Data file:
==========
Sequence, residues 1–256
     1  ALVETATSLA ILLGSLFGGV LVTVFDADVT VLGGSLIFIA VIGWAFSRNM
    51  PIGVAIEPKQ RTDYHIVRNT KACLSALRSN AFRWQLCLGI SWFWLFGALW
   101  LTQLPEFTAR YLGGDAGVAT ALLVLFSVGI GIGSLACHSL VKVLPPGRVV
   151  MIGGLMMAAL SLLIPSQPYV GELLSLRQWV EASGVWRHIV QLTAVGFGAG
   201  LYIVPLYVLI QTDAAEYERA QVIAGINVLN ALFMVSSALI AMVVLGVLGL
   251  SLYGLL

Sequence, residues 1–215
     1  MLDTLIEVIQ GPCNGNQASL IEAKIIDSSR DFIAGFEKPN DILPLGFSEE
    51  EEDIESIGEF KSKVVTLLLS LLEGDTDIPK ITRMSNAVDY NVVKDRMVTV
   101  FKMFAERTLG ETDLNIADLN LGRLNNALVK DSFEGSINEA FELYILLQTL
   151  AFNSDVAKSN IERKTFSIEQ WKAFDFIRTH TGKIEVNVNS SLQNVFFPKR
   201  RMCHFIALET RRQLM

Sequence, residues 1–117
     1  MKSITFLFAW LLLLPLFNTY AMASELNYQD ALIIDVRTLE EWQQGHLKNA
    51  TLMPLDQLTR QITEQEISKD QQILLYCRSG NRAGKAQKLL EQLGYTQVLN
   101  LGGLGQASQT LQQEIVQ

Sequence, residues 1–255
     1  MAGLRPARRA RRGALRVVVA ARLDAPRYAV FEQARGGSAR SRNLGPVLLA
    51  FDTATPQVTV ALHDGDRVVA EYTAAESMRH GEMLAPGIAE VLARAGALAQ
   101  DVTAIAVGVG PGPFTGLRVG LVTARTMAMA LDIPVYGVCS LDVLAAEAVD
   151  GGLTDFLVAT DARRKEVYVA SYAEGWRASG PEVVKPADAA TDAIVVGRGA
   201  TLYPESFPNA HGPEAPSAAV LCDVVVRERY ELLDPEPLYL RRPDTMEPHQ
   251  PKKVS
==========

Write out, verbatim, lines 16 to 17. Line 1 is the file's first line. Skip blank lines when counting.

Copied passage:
    51  TLMPLDQLTR QITEQEISKD QQILLYCRSG NRAGKAQKLL EQLGYTQVLN
   101  LGGLGQASQT LQQEIVQ